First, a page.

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Terp Theory: Some Corporate Cannabis Whistle Blowing Headlines and Possible Market Maturation?

Updated: Sep 26, 2021

When a criminal market suddenly becomes capitalism, honor amongst thieves ceases to exist and a legion of greedy Brad's will be quick to cut the legs out from under their competition, stifling it through a series of corporate Chad tactics. What was once incriminating knowledge about the inside workings of a competitors organization, is now Chad's ticket to expanded market access. Companies telling-on each other didn't just start... wait until the really dirty stuff starts to happen. Oh wait, maybe it already has...

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I try to keep up with industry headlines, but find myself largely disinterested in the topic of cannabis politics. Legislation is bought and sold and corporate interests have no limit on the control and influence they exert over state and local economies. Buy up your politicians and pay-to-play! Keeping up with bullshit headlines gets old real fast, as a bunch of career liars, a.k.a. politicians manipulate journalists into spewing their petty nonsense, rather than education and desperately needed cannabis information. After about eight decades of falsified science and government propaganda taught in schools, you would think there would be quite a bit about the plant to say... (misdirection is a corporate play.) To educate is to empower, something that works against corporate cannabis and all of their abysmal quality products.

The industry is dying and farmers are literally paying hash makers to carry the weed away.

Not really, but prices have reduced significantly as every CHAD in America with a few bucks decided to start a weed business. The same thing happened back in 2015, a year or two into Colorado's legalization when flower prices bottomed out, and real hash making was the incidental result. If it weren't for the rapidly declining prices, we probably wouldn't have discovered six star hash and live rosins, as no one was willing to risk their flowers for R&D until they were worthless. I guess some industry decline is the best thing that could happen to invite competition and improve the quality of the market's despicable retail products.

Competition is the one word entirely missing from the cannabis industry during medical markets, prop 215, and these first years of retail sales. Coming off parole in 2015, I was utterly appalled and even shocked at the incredibly poor quality of every flower on the shelf. More surprising was the total lack of industry knowledge in retail stores and their reliance on big name brands to dictate quality. The market has been such a novelty and fueled by hype for so long that enormous profit margins became the norm. Speaking to several farmers in Humboldt the message was the same: "Time to cut the fat" to stay profitable. The shelves have been packed with disgraceful products for as long as I can remember, yet the demand seemed endless. The industry is far from dying, and despite declining profit margins, maybe it's more like an industry trying hard to mature.


Market maturation can unfortunately hit the smaller brands and farms we like the most and I fear that competition will be stymied by dirty tactics, such as informing on other brands. Smaller margins mean millions instead of billions for the big guys, but can mean failure for small and independent brands and farms. From zoning and marijuana business regulations keeping towns dispensary free, to the lack of federal involvement, forcing a cash only business, the planners set things up in favor of big brands. Pay your taxes, yet receive none of the guarantees or incentives of a legal tax-paying business. While you could say, "all parties face the same obstacles," you're asking for the Wal-Mart of weed and forgetting the industry already exists. Deep pockets weren't supposed to be able to buy the whole industry, but it's exactly what is happening. Yeah, we are seeing it unfold right before our eyes and when my kids ask why we didn't claim a stake in the new industry, I'll be at a loss for words. The results of a million small moves all adding up to corporate cannabis.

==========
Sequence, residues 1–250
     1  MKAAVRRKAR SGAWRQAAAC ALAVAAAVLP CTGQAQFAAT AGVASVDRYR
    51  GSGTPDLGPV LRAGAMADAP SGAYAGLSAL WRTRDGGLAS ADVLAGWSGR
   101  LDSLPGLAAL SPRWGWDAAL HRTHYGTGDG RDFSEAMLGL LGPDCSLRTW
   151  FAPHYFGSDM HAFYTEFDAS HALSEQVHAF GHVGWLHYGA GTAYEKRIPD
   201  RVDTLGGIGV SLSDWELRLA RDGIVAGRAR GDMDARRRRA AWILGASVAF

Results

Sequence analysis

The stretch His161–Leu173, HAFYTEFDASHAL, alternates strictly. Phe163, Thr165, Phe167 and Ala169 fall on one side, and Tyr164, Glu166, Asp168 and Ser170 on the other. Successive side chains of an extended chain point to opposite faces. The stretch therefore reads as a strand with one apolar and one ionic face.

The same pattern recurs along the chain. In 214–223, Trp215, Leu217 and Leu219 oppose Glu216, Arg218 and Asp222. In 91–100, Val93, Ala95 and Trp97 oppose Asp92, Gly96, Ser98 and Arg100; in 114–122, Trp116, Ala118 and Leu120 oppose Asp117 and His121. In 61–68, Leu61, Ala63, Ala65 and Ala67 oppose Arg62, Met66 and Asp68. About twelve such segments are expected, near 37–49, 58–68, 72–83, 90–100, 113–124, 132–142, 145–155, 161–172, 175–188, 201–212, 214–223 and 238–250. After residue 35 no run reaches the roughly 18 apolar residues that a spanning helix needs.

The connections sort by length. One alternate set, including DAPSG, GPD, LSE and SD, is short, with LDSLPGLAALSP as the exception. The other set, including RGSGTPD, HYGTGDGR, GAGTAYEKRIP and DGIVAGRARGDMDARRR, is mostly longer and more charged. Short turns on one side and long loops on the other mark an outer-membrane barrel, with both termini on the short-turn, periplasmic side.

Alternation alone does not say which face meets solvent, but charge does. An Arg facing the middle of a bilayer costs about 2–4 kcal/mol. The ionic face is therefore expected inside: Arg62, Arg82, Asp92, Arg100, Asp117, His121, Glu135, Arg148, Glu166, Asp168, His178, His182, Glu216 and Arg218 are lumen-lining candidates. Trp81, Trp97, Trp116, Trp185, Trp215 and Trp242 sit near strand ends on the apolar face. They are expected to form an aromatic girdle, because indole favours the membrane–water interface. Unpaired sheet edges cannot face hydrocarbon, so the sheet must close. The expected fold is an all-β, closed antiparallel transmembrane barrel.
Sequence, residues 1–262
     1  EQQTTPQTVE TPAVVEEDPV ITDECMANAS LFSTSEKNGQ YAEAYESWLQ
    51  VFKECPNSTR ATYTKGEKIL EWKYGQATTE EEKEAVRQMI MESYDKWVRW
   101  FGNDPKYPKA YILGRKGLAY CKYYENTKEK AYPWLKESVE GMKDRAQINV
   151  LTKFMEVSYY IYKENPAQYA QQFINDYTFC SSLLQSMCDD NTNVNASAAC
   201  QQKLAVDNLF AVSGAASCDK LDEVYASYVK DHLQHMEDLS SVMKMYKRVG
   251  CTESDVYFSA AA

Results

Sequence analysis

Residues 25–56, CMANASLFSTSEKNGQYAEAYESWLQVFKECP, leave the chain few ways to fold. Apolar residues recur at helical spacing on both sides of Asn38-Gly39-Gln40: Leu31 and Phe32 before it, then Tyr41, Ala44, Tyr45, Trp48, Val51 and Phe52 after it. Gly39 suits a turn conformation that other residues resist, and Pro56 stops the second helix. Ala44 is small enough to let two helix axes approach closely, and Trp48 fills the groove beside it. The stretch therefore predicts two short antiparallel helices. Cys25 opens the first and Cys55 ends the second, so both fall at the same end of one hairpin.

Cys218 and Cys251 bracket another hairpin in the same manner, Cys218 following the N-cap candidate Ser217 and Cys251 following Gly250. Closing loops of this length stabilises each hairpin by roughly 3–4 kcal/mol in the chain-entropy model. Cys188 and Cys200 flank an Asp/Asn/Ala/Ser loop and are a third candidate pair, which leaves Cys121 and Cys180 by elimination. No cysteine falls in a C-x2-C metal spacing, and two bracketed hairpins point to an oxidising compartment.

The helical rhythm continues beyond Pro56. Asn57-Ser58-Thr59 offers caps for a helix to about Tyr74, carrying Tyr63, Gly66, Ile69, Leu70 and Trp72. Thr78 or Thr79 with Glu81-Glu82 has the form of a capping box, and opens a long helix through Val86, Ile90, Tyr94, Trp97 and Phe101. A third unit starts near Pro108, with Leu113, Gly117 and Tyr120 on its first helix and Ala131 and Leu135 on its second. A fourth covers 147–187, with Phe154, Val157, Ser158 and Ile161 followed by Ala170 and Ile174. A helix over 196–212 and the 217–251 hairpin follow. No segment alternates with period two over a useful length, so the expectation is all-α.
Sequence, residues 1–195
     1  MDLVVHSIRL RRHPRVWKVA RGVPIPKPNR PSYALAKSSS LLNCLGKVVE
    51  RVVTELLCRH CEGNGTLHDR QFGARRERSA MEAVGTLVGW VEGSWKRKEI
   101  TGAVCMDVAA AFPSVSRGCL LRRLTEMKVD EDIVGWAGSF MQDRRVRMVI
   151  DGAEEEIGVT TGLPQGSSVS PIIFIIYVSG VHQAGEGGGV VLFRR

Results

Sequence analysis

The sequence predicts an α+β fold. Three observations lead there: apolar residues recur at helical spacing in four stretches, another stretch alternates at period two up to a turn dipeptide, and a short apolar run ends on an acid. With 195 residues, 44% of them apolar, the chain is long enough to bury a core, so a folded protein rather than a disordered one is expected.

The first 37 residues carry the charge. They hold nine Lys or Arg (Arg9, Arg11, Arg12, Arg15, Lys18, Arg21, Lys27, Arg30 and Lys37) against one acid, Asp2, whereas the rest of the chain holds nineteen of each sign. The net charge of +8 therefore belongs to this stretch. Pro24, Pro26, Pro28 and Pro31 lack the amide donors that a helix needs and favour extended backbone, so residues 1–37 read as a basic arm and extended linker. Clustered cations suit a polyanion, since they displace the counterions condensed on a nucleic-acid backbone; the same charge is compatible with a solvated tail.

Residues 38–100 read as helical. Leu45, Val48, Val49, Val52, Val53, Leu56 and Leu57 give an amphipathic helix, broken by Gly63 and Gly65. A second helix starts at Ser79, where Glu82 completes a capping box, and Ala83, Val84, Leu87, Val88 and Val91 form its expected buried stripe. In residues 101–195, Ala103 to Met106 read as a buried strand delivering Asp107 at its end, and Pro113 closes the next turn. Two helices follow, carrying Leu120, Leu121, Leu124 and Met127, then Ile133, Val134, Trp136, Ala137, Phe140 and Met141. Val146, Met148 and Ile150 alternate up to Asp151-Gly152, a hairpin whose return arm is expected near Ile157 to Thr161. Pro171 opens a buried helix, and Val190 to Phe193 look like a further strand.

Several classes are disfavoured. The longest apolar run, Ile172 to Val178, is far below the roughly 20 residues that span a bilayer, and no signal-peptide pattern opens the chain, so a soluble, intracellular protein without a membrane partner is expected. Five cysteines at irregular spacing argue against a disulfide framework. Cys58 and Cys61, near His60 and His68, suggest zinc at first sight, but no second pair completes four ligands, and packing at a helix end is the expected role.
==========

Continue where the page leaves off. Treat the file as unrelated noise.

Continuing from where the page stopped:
And with the ole' oppressive force of poverty looming, some industry workers have been quick to team up with as many of these Chad's as possible. It's hard to blame them, but its where we are at. An entire culture and community invaded by corporate America, my worst fears for cannabis come true. I think the time to hope for favorable outcomes has passed us by and we're looking at the makings of the new market. Refusing to buy from these brands and supporting the real ones is the only way forward. In order to do this, the message remains the same as day one: choose solventless products and refuse everything else.

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Craft Cannabis Done Right by @humboldtkinefarms.

Who in their right mind creates a market and all of it's legislation without the testing required to even understand the product or the plant? Without federal oversight the research and testing necessary to properly regulate the industry is missing, replaced by corporate interests. Not to mention the science and research necessary to disprove decades of propaganda to those who still think Reefer Madness is true. And the few people who do understand the plant have nothing to do with the process. Man, if America isn't home of brash-stubbornness and determined ignorance in the face of fast profits, nowhere is.

By the way, did anyone ever apologize for the multi-generational damage done by criminalizing this plant? I didn't think so.


Cannabis Consuming Education is key! Please help spread @hashwriter and to educate the general public and help determine the direction of cannabis in the U.S.

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